UK regulators have approved the Novavax Covid vaccine after a series of delays to the approval process.

The vaccine developed in the US and also known as Nuvaxovid is the fifth to be approved in the UK and is licensed as a two-dose schedule for over-18s.

It follows approval by European regulators in December. The vaccine differs from those currently in use in the UK in that it is based on recombinant protein-based technology, similar to that already in use in hepatitis B and other vaccines.

The Medicines and Healthcare products Regulatory Agency said it based its decision on data from two large clinical trials of almost 50,000 people, one of which was done in the UK and found an effectiveness of around 90%.

It has previously been announced that around 60 million doses of Novavax have been ordered by the UK Government with expected delivery in 2022.

In September, Novavax began early clinical trials of a combined Covid and flu vaccine in Australia.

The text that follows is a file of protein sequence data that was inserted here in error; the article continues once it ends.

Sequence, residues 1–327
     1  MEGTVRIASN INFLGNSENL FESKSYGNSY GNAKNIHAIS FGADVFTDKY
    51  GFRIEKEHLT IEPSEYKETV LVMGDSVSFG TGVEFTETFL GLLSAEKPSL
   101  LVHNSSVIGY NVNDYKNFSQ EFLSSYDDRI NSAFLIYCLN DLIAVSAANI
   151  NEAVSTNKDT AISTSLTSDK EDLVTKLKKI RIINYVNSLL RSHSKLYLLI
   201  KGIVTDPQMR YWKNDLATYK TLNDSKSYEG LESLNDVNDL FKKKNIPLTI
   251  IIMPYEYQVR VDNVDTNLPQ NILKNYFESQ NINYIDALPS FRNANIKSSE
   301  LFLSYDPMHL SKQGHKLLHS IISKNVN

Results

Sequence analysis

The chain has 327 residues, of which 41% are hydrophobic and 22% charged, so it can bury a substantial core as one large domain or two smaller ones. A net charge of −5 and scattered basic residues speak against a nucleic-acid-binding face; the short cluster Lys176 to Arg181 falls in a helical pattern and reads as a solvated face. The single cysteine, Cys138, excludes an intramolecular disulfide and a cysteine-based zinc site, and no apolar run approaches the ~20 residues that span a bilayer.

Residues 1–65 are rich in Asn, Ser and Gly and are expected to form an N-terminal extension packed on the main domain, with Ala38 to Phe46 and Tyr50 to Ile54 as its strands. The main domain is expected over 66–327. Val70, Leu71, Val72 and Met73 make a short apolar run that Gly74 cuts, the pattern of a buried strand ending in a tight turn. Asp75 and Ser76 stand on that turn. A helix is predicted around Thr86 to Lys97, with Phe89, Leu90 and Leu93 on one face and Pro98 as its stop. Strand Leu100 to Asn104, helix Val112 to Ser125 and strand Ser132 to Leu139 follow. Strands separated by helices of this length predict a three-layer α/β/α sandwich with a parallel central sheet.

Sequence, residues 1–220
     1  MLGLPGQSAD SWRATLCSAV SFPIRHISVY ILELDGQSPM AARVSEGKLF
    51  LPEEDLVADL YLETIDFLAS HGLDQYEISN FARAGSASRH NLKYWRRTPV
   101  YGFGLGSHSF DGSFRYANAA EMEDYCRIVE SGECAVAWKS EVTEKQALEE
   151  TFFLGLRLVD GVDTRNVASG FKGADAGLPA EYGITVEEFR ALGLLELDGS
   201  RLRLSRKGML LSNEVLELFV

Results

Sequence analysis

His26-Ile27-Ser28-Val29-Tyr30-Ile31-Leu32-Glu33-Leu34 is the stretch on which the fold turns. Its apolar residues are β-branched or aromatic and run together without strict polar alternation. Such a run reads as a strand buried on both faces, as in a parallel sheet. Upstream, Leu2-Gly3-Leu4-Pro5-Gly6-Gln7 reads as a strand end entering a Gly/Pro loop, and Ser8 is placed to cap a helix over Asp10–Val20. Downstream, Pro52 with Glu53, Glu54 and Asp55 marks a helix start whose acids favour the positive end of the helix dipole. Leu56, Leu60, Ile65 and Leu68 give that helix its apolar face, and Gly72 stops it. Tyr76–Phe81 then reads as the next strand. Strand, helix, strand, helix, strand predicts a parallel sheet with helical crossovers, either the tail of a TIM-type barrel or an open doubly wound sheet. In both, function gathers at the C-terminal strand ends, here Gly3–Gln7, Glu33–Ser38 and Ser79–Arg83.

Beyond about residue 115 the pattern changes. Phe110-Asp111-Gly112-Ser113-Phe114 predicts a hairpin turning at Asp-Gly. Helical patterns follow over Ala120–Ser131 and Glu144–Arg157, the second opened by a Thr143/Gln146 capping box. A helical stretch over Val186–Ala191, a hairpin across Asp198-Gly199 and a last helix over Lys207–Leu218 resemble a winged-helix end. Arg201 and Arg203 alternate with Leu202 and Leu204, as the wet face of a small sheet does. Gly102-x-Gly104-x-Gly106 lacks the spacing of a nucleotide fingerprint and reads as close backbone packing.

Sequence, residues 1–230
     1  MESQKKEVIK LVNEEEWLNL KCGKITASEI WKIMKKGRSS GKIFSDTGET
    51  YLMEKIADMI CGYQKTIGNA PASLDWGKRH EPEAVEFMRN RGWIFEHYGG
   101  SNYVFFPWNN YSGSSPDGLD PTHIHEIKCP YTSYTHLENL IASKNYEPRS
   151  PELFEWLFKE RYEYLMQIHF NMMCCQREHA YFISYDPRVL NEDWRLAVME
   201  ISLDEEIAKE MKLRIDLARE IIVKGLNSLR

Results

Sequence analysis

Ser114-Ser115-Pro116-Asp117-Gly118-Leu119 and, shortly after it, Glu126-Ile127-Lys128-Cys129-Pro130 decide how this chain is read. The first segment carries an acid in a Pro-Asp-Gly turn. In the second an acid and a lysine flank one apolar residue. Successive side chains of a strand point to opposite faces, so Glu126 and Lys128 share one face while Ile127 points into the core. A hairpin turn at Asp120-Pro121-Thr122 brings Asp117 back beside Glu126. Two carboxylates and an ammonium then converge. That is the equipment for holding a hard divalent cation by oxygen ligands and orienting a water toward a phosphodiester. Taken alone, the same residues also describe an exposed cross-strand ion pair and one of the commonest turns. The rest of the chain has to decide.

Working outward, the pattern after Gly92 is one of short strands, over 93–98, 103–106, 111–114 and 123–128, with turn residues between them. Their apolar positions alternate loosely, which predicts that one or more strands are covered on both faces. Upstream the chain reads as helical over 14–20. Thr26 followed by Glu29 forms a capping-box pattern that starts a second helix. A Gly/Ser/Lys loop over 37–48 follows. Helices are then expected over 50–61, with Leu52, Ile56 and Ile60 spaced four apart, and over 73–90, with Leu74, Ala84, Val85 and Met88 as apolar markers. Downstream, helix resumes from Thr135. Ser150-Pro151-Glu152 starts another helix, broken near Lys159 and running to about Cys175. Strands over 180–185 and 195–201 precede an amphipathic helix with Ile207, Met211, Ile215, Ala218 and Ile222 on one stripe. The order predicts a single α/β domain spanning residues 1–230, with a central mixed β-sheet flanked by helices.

June Raine, MHRA chief executive, said: ‘Our approval of Nuvaxovid today follows a rigorous review of the safety, quality and effectiveness of this vaccine, and expert advice from the government’s independent scientific advisory body, the Commission on Human Medicines.

‘I am pleased to confirm today that this authorisation has been granted, providing access to a fifth vaccine that can be used to help protect us from Covid-19.

‘We are continuing our vital safety work in monitoring the use of all Covid-19 vaccines, to ensure that their benefits in protecting people against Covid-19 disease continue to outweigh any risks.

She added: ‘We also carry out independent batch testing on all the approved Covid-19 vaccines to ensure that every batch meets the expected quality standards.’

Health and social care secretary Sajid Javid said the vaccine approval was testament to the ‘tens of thousands of people taking part in clinical trials here in the UK, contributing to the invaluable research that shows our vaccines are safe and effective’.

He added that the Joint Committee on Immunisation and Vaccination would now consider its use as part of the UK vaccination programme.

Professor Sir Munir Pirmohamed, chair of the Commission on Human Medicines, said they had carefully considered the available evidence on safety, quality and effectiveness.

‘We are pleased to say that we have advised that the benefit risk balance of Nuvaxovid is positive.’

A version of this story first appeared on our sister website, Pulse.